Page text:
Collaborate, a case-based mentoring scheme

As part of Advocate's 25th anniversary year, we have launched a new mentoring scheme, Collaborate, with opportunities for both junior and senior barristers! 

Senior barristers can sign up to offer their skills as an Advocate mentor here.

Junior barristers can register their interest in receiving mentoring when they take on a case with Advocate. When you confirm you assistance on an Advocate case, simply mention to our Casework Team that you are interested in receiving mentoring support. Our Team will then introduce you to your mentor via email. 

Read more about the type of support a mentor can give below. 

"The combination of a silk and a young junior suits pro bono cases well and it is a mode of working which I have used before. It provides me with somebody to do groundwork, and I hope that my past experience of cases is educative to the junior, as well as of benefit to the client." Anthony Speaight QC, 4 Pump Court

Being a Collaborate mentor:

There are three ways senior barristers can mentor through Advocate:

  • Offer support for case related queries. This simply requires being on the end of the phone once a month. Advocate will link up a panel member and a mentor when the panel member has a specific query about the pro bono case they are working on with Advocate.

  • Choosing to work on an Advocate case as pro bono co-counsel alongside a junior or young barrister.

  • Mentoring for secondary specialisation. The mentor would work within their specialist area, helping a panel member taking on a case in their area of law for the first time.

Sign up to be an Advocate mentor here.

How it works:

Unless the senior barrister chooses to work directly on the case alongside a junior barrister (if so, they would be no different position than that of the junior barrister):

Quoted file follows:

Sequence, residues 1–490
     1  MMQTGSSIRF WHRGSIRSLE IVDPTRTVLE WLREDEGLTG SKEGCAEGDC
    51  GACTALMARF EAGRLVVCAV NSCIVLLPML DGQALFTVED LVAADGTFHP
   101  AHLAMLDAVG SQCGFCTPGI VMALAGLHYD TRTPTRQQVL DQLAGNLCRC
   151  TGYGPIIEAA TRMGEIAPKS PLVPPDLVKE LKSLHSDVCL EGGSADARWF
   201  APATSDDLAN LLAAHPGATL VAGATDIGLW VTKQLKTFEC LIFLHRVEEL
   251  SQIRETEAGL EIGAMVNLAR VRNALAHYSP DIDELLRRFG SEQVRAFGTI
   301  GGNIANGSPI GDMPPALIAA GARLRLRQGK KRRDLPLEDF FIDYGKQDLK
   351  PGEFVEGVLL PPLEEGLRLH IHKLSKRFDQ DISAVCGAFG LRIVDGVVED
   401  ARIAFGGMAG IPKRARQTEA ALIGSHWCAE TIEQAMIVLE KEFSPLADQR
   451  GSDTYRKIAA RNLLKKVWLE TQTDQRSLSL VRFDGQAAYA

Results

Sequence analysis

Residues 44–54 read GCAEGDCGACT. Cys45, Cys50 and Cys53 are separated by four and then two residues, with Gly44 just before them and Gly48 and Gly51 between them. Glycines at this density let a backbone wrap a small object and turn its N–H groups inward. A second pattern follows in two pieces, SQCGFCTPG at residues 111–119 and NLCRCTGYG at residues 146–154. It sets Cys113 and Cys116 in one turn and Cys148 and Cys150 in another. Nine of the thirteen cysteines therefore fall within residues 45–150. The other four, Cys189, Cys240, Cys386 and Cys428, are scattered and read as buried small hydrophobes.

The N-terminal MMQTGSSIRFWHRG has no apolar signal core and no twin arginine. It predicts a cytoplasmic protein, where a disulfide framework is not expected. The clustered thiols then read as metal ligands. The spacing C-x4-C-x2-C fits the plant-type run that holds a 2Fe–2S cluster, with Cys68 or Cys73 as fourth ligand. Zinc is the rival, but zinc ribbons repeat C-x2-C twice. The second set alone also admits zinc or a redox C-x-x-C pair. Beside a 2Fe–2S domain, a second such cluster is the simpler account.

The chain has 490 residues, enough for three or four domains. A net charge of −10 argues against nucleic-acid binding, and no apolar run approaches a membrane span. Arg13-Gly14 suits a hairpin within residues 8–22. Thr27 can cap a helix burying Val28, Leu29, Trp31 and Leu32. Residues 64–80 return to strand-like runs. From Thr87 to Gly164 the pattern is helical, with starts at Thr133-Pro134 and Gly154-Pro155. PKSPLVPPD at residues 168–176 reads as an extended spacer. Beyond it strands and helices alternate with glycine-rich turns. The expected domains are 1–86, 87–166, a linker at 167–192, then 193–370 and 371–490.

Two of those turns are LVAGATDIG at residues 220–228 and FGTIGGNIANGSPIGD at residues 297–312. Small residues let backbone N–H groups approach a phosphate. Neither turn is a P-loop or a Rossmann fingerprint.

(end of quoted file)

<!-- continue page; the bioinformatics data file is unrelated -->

• The role as an Advocate mentor is purely, if asked, to offer general guidance on issues, procedural rules and practical matters related solely to the case that the mentee is working on. If the mentee is not working on a particular case, but has a general enquiry, mentors may also provide guidance. 

  • At no point would mentors form a barrister-client relationship.

  • Mentors are not giving legal advice to anyone. The junior barrister will be responsible for the case, but with the benefit of such guidance as a mentor may give. 

  • Senior members of the Bar should not underestimate the potential they have to add immense value simply by sharing from their experience. Mentoring may also provide a renewed personal or professional satisfaction or other career benefits such as providing evidence of leadership for a QC application form.

"Pro bono work has given me an opportunity to bring in junior barristers on bigger cases. Not only does that give them exposure to different kinds of work, but it also gives me an opportunity to practice the skills that come with leading other barristers."
Justin Bates, Landmark Chambers

Next steps for mentors:

  • Fill in a short online registration form, indicating which of the three streams of mentoring you would be interested in taking part in (case mentoring, co-counsel or secondary specialisation).

  • Advocate matches the panel member volunteer and the mentor.

  • Advocate will ensure that each mentor is supporting no more than two individuals in a month.

  • It is the job of both the mentee and the mentor to decide on the best time to have a conversation. Mentoring will likely take place online or by telephone. 

  • The relationship does not need to be ongoing and sustained beyond the existing Advocate case, unless both the mentor and the mentee choose this themselves.

  • Mentors should be clear from the outset how much time they are able to give to supporting with the case.

  • Mentors are not giving legal advice to anyone. 

  • Mentors will not be expected to carry out drafting or have client contact unless they have opted to be a co-counsel as in option 2 above.

  • Some mentors may be willing to read over submissions, but this is not required.


If you have any further questions, please get in touch.